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Chavez suffers lung woes as aides allege 'psychological war'

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Chavez suffers lung woes as aides allege psychological war
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Caracas: Hugo Chavez's top aides accused the opposition and the media of using the Venezuelan president's poor health to wage a "psychological war" to destabilise the country, as the cancer-stricken leader struggled with a severe lung infection.

The hard-line stance was adopted after Vice President Nicolas Maduro returned from a visit with the ailing Chavez in Cuba, where he is suffering from complications more than three weeks after undergoing cancer surgery.

Information Minister Ernesto Villegas said a "severe pulmonary infection" that Chavez developed after the surgery had led to a "respiratory insufficiency" requiring strict adherence to his treatment.

Villegas then levelled the charge that the president's health had become the target of a campaign to destabilise the government and finish off its socialist revolution.

The government "warns the Venezuelan people about the psychological war that the transnational media complex has unleashed around the health of the chief of state, with the ultimate goal of destabilising the Bolivarian Republic of Venezuela," he said in a televised statement.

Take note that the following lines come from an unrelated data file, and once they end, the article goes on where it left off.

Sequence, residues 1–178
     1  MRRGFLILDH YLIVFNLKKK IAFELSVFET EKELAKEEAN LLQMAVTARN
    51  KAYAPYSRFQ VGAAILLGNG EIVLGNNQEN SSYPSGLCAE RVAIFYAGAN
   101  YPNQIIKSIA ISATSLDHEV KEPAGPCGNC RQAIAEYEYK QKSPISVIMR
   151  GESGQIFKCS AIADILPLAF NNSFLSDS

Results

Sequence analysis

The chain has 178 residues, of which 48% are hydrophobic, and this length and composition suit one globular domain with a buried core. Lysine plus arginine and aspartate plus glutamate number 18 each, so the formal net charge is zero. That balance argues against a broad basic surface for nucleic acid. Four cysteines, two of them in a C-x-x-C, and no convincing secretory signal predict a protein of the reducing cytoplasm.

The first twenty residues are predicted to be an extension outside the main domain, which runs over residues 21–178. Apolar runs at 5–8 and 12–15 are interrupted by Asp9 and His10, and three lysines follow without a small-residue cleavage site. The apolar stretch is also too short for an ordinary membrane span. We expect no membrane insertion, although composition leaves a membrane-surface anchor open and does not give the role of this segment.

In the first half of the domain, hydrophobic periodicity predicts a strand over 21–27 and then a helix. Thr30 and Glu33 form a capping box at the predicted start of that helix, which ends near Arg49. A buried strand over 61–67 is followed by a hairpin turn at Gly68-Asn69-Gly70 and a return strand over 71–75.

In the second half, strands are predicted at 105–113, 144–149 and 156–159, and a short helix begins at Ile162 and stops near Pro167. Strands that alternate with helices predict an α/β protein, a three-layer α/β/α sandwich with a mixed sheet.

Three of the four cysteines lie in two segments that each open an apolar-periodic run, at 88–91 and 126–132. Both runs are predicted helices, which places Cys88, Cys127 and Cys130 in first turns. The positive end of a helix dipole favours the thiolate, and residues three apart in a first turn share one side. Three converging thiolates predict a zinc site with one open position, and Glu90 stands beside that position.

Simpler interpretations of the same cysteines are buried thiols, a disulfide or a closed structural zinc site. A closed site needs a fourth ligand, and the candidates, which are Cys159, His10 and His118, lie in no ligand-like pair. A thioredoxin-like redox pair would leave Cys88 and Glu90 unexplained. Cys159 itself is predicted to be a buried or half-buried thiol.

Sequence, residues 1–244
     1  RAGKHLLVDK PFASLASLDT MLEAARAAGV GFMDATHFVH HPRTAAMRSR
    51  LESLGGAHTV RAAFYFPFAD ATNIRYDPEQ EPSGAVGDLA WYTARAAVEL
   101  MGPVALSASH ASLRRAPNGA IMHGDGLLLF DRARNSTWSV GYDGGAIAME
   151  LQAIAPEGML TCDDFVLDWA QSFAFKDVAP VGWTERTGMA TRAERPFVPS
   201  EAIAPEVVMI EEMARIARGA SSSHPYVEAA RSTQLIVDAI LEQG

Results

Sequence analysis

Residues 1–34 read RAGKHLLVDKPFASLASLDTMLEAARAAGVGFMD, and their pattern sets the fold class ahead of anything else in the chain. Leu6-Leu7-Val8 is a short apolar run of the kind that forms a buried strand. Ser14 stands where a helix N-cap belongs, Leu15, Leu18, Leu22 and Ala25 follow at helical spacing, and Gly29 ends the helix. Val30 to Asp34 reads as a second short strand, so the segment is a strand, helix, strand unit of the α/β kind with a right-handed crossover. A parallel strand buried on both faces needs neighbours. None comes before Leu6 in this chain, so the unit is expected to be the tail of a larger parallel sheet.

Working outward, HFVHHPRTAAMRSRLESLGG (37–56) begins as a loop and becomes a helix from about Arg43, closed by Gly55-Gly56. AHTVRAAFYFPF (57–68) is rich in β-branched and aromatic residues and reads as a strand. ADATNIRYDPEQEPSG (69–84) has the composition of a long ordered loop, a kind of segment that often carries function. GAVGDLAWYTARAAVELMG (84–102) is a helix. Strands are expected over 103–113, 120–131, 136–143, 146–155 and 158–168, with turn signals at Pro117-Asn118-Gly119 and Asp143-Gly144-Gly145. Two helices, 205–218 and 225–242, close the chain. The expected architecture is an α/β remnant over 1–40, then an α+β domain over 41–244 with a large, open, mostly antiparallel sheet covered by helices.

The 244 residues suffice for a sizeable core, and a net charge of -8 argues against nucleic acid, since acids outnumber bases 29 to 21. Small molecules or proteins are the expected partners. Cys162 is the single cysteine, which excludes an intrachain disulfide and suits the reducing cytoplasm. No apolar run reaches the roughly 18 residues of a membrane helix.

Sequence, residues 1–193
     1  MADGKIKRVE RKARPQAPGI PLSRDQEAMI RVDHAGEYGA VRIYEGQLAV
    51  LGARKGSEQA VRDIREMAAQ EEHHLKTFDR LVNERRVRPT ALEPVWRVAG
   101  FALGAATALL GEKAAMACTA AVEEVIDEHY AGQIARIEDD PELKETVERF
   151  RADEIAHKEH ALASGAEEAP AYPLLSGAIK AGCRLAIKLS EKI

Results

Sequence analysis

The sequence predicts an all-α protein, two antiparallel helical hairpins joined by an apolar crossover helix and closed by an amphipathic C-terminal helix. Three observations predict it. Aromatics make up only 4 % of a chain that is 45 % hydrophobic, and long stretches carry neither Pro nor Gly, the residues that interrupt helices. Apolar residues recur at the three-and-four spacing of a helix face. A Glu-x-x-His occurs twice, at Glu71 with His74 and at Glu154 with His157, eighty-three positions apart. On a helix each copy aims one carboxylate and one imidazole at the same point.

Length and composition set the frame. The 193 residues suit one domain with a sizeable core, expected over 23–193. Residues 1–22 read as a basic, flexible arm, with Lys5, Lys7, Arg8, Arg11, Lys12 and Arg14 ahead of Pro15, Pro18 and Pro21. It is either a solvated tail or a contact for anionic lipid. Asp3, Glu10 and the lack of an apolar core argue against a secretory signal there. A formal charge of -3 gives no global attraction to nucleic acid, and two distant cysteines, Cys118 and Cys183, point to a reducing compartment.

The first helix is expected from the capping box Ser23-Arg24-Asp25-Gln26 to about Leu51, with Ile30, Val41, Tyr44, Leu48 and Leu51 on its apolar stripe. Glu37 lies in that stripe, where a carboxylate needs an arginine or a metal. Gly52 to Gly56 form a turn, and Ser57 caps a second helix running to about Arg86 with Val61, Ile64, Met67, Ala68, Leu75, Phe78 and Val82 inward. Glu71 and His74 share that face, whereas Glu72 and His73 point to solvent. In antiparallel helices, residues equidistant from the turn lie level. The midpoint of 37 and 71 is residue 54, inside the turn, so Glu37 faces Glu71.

The statement came amid rising demands at home for a detailed accounting of Chavez's condition and whether he is fit to take the oath of office January 10 for another six year term.

Venezuela's constitution calls for new elections to be held within 30 days if the president is unable to take the oath of office or dies during his first four years in office.

But Maduro and National Assembly speaker Diosdado Cabello, the regime's number two and three leaders, made clear on their return from Cuba that they were not preparing for a transfer of power.

"Here there is only one transition and it began at least six years ago and it was decreed by comandante Hugo Chavez," Maduro said, referring to the launch in 2006 of the president's socialist revolution.

Maduro and Cabello spoke on Venezuelan state television, as they toured a coffee packaging plant in Caracas that had been taken over by the state.

Both men went out of their way to deny rumours of an internal power struggle between them, with Maduro saying they had sworn before Chavez that they would remain united.

"We are here more united than ever," said Maduro, who is Chavez's handpicked successor. "And we have sworn before comandante Hugo Chavez, and we reaffirmed to him today in our oath ... That we would be united with our people."

Referring to the reported rift, Cabello said the opposition would have to wait "2000 years for that to happen" and said "no conciliation is possible with this opposition."

AFP

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